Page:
US Vice President Kamala Harris, speaking at the National Space Council on September 9, said her country’s space administration is developing new rules to allow new space activities. During her speech at NASA’s Johnson Space Center, she said the new framework of rules would “promote innovation and enable competition” given the entry of commercial companies into the space sector. Harris further stated that these rules will be “flexible enough to cover space activities that haven’t even been imagined yet.”
The Vice President made these statements while affirming NASA’s involvement in the management of the International Space Station (ISS) after President Joe Biden announced the extension of the United States’ role until 2030. We are aware that the International Space Station will not be operational forever. That’s why NASA is working with the private sector to develop the first generation of space stations,” Harris said.
So far, several private players such as Sierra Space, Blue Origin and Axiom Space are developing commercial orbital outposts that would eventually replace the ISS, currently operated by five member states (US, Russia, Canada, Europe and Japan). On the other hand, countries like China and Russia are planning their own space stations which should be completed during this same decade.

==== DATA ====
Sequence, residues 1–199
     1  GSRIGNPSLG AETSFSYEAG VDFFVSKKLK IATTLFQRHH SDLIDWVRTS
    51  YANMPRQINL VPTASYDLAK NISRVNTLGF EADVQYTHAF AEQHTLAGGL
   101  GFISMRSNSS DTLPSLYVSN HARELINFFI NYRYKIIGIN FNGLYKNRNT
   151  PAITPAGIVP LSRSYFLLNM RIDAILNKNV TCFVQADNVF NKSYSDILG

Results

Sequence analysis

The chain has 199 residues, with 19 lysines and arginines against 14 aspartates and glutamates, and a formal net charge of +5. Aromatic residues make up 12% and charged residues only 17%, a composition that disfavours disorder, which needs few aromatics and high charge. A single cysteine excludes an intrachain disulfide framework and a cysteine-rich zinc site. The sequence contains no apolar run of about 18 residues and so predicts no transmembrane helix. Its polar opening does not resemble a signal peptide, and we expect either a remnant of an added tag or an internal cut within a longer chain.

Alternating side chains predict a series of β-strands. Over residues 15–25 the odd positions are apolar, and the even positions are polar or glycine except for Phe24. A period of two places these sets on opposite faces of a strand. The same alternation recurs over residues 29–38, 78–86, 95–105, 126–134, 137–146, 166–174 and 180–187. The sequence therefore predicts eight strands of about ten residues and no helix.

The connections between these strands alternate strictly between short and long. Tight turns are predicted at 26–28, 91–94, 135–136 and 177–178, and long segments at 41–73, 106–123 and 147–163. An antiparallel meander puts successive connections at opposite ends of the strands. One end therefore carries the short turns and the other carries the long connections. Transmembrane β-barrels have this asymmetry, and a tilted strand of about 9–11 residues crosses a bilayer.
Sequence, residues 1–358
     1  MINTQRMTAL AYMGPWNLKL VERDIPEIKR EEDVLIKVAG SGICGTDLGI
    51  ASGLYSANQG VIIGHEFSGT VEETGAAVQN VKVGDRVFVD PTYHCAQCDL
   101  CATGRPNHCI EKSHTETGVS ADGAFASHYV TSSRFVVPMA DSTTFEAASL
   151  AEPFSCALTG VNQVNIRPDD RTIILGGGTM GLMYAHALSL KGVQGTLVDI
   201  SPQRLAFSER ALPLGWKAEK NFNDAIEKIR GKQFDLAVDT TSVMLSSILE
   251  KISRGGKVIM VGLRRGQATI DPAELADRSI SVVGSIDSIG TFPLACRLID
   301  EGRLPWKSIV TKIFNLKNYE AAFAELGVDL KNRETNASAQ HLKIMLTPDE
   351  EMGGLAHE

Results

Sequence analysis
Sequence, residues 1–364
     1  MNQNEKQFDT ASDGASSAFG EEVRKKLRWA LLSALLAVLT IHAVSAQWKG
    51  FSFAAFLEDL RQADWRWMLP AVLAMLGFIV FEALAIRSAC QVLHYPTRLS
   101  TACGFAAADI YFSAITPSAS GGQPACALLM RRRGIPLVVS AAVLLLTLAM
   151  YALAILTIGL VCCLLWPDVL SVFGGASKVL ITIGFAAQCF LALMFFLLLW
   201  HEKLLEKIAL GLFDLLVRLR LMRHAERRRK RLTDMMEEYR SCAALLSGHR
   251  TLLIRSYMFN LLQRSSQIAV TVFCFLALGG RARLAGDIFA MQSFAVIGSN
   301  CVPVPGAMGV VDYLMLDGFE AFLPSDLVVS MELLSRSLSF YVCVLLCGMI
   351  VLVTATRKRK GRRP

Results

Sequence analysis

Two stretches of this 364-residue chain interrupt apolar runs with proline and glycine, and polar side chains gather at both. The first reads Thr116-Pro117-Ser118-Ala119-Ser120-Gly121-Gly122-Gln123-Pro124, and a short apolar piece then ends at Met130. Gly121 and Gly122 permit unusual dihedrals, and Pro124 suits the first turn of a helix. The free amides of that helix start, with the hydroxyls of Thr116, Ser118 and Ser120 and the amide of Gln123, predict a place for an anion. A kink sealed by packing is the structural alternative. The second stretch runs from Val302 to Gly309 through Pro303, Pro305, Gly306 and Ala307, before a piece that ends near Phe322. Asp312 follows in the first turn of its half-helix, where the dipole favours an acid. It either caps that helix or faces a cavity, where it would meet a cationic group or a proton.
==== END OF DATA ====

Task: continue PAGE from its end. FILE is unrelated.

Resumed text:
China’s space station named Tiangong is nearing completion as two of its three modules have been launched and the third is expected to dock with the others later this year. On the other hand, the Russian Orbital Service Station (ROSS) is expected to be completed by 2025. Recently, Russian space chief Yuri Borisov announced that Moscow will leave the decades-old space station after 2024, however, NASA’s recent statement after a multilateral Conference Board meeting revealed that “each partner has confirmed that they will continue to work within the respective government processes on the expansion and use of the station at the beyond 2024”.
NASA’s plan to retire the ISS
Earlier this year, NASA released a plan to deorbit the space station in 2030 and crash into the Pacific Ocean, paving the way for commercial installations. The plan states that the orbital outpost would fall at a place called Point Nemo in the Pacific. This place is also called a starship graveyard because it is the farthest point of any land. Once over the target location, mission controllers would use the space station’s propulsion systems to direct the outpost into the ocean.